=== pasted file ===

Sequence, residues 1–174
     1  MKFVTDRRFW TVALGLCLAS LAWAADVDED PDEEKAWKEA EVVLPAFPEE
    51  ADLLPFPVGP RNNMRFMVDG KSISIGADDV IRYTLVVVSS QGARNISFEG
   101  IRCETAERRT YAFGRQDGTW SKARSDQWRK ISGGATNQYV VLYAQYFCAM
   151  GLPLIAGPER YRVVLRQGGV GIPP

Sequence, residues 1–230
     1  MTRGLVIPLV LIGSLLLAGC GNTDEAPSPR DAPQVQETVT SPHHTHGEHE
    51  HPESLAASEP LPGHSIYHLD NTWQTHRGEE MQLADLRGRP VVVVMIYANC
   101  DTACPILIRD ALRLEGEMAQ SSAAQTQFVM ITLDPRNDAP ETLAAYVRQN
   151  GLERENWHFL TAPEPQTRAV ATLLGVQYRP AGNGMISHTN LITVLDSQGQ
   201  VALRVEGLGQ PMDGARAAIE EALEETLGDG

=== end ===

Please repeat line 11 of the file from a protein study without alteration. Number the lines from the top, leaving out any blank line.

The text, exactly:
   201  VALRVEGLGQ PMDGARAAIE EALEETLGDG